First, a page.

Instead of brute force searching for the feedback polynomial $P(X)$ directly, Cluzeau's algorithm searches for sparse multiples of $P(X)$ with the degree of the sparse multiples varying from low to high. After two multiples of $P(X)$ are detected, it returns the nontrivial greatest common divisor (gcd) of the two detected multiples as the detected feedback polynomial. The determination of whether a sparse polynomial is a multiple of $P(X)$ or not is based on a statistical test on the absolute value of a variable $Z$, which is given by TeX Source $$Z=\sum_{t=i_{d-1}}^{N-1}(-1)^{z_{t}},\eqno{\hbox{(2)}}$$ where $z_{t}$ is a modulo 2 summation of $d$ scrambled bits, i.e., $z_{t}=y_{t}\oplus\bigoplus_{j=1}^{d-1}y_{t-i_{j}}$, $(0<i_{1}<i_{2}<\cdots<i_{d-1})$, and $N$ is the number of bits required for the reconstruction. Let $Q(X)=1+\sum_{j=1}^{d-1}X^{i_{j}}$. When $Q(X)$ is a multiple of $P(X)$, we have TeX Source $$z_{t}=y_{t}\oplus\bigoplus_{j=1}^{d-1}y_{t-i_{j}}=x_{t}\oplus\bigoplus_{j=1}^{d-1}x_{t-i_{j}}\eqno{\hbox{(3)}}$$ since $s_{t}\oplus\bigoplus_{j=1}^{d-1}s_{t-i_{j}}=0$ and $y_{t}=x_{t}\oplus s_{t}$. According to the statistical analysis results given in [1], $z_{t}$ is biasedly distributed with $\hbox{Pr}(z_{t}=1)=(1/2)[1-(2\varepsilon)^{d}]$, if the input bits are biasedly distributed with $\hbox{Pr}(x_{t}=1)=(1/2)-\varepsilon$, where $\varepsilon\neq 0$. Consequently, the value of $Z$, i.e., $\sum_{t=i_{d-1}}^{N-1}(-1)^{z_{t}}=(N-i_{d-1})-2\sum_{t=i_{d-1}}^{N-1}z_{t}$, is Gaussian distributed with the mean value $\mu$ given by TeX Source $$\mu=(N-i_{d-1})(2\varepsilon)^{d}\eqno{\hbox{(4)}}$$ and the variance $\sigma^{2}$ [5] given by TeX Source $$\sigma^{2}\leq(N-i_{d-1})\left[1+d\left((2\varepsilon)^{2}-(2\varepsilon)^{2d}\right)\right].\eqno{\hbox{(5)}}$$

It can also be shown that when $Q(X)$ is not a multiple of $P(X)$, $\hbox{Pr}(z_{t}=0)=1/2$, implying that $Z$ has a Gaussian distribution with the mean value 0 and the variance $N-i_{d-1}$. The two distributions are depicted in Fig. 2.

From Fig. 2, it can be observed that when the two distributions of $Z$ have a small enough intersection, a threshold $T$ can be used to determine whether $Q(X)$ is a multiple of $P(X)$, i.e., when $\vert Z\vert<T$, $Q(X)$ is not a multiple of $P(X)$; otherwise, $Q(X)$ is a multiple of $P(X)$. The threshold $T$ and the number of bits required for the reconstruction $N$ depend on two factors, i.e., the false-alarm probability $P_{f}$ and the nondetection probability $P_{n}$.

Fig. 2. Distributions of Z.

Let TeX Source $$a=\Phi^{-1}\left(1-{P_{f}\over 2}\right)={T\over\sqrt{N-i_{d-1}}}\eqno{\hbox{(6)}}$$ and TeX Source $$b=-\Phi^{-1}(P_{n})={T-\vert\mu\vert\over\sigma},\eqno{\hbox{(7)}}$$ where $\Phi$ denotes the normal distribution function. From (6) and (7), it can be derived that the threshold $T$ is TeX Source $$T={a(a+b\bar{\sigma}_{l})\over\left(2\vert\varepsilon\vert\right)^{d}},\eqno{\hbox{(8)}}$$ and the number of bits required for the reconstruction is TeX Source $$N=i_{d-1}+{(a+b\bar{\sigma}_{l})^{2}\over(2\varepsilon)^{2d}},\eqno{\hbox{(9)}}$$ where $\bar{\sigma}_{l}$ is the normalized upper bound of $\sigma$, which is given by TeX Source $$\bar{\sigma}_{l}=\sqrt{\left[1+d\left((2\varepsilon)^{2}-(2\varepsilon)^{2d}\right)\right]}.\eqno{\hbox{(10)}}$$ More detailed description of Cluzeau's algorithm can be found in [1] and [5].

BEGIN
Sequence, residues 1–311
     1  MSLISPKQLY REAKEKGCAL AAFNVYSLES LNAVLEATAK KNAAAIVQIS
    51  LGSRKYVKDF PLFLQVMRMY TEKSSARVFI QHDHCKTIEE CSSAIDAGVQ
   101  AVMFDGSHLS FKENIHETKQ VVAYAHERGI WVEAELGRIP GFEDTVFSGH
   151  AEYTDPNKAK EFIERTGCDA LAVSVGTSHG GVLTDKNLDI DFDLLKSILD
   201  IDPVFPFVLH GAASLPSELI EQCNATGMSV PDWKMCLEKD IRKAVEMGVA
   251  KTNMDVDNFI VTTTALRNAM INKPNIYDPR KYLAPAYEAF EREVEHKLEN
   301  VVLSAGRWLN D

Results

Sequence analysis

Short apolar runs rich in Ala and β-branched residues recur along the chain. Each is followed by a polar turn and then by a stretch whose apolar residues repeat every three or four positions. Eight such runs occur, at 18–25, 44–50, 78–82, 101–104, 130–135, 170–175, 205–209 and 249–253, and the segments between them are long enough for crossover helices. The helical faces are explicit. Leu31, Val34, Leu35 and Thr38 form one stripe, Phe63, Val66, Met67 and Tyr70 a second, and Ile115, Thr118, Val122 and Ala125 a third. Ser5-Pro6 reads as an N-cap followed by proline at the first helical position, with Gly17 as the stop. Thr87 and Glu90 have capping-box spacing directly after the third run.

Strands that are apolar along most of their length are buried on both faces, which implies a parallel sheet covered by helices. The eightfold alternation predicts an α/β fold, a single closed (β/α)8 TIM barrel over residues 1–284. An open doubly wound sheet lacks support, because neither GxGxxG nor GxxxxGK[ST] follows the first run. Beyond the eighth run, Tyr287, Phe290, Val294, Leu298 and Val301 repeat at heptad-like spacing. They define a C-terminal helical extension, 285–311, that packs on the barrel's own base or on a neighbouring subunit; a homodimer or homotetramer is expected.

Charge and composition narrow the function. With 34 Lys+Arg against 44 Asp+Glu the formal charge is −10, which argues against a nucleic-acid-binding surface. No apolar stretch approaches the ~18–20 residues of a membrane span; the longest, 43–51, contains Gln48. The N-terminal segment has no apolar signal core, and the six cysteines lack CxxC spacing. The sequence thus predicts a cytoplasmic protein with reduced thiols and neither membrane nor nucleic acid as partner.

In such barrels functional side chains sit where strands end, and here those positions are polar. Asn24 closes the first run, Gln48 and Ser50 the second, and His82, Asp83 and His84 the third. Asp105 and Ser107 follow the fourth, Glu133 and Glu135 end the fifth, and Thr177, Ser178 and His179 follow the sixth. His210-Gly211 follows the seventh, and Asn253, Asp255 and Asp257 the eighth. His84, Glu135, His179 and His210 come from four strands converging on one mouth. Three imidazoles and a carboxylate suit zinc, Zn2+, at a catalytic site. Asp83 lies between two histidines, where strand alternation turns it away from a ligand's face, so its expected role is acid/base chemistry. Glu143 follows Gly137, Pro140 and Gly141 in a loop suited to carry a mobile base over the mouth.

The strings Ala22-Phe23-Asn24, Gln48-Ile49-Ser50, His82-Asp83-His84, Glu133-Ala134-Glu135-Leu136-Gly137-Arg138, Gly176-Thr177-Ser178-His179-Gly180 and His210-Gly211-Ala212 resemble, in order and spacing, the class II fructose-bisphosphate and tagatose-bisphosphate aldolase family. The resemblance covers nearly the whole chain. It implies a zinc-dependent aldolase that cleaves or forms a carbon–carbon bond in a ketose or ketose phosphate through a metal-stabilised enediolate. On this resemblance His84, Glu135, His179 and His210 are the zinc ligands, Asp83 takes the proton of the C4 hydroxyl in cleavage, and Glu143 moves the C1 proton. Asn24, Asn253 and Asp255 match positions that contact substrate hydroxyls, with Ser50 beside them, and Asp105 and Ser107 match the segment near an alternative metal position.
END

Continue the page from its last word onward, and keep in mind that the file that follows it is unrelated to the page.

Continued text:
SECTION III

## BIAS AFTER CHANNEL ENCODER

In many communication systems, error correcting codes are used to combat errors introduced by the communication channel. In this work, we considered the case when the channel encoder is placed between the source and the scrambler as shown in Fig. 3.

In the following, the bias existing in the encoded bit sequence after a channel encoder will be analyzed. Two commonly used error correcting codes are considered, i.e., linear block code and convolutional code.

### A. Bias of a Bit Sequence After a Linear Block Encoder

Fig. 3. Chain of scrambler and channel encoder.

Generally, for a $(n,k)$ binary linear block code ${\cal C}$, where $k$ is the number of information bits and $n$ is the number of coded bits, a $k\times n$ generator matrix can be defined by the following $k\times n$ array: TeX Source $${\bf G}_{\bf b}=\left[\matrix{{\bf g}_{\bf 0}\cr{\bf g}_{\bf 1}\cr\vdots\cr{\bf g}_{{\bf k}-{\bf 1}}}\right]=\left[\matrix{g_{0,0}&g_{0,1}&\cdots&g_{0,n-1}\cr g_{1,0}&g_{1,1}&\cdots&g_{1,n-1}\cr\vdots&&&\cr g_{k-1,0}&g_{k-1,1}&\cdots&g_{k-1,n-1}}\right],\eqno{\hbox{(11)}}$$ where $g_{i,j}=(0\ \hbox{or}\ 1)$ and ${\bf g}_{\bf 0},{\bf g}_{\bf 1}\ldots{\bf g}_{{\bf k}-{\bf 1}}$ are linearly independent $n$-tuples that form a basis for ${\cal C}$. Considering a $k$-tuple message, i.e., TeX Source $${\bf x}=(x_{0},x_{1},\ldots,x_{k-1}),$$ the encoder transforms the message ${\bf x}$ independently into an $n$-tuple codeword ${\bf c}=(c_{0},c_{1},\ldots,c_{n-1})$ by TeX Source $${\bf c}={\bf x}\cdot{\bf G}_{\bf b}=(x_{0},x_{1},\ldots,x_{k-1})\left[\matrix{{\bf g}_{\bf 0}\cr{\bf g}_{\bf 1}\cr\vdots\cr{\bf g}_{{\bf k}-{\bf 1}}}\right].\eqno{\hbox{(12)}}$$ Any encoded bit $c_{i}$ $(i=0,1,\ldots,n-1)$ can be written as a linear binary summation of the message bits, i.e., TeX Source $$c_{i}=g_{0,i}x_{0}\oplus g_{1,i}x_{1}\oplus\cdots\oplus g_{k-1,i}x_{k-1}.\eqno{\hbox{(13)}}$$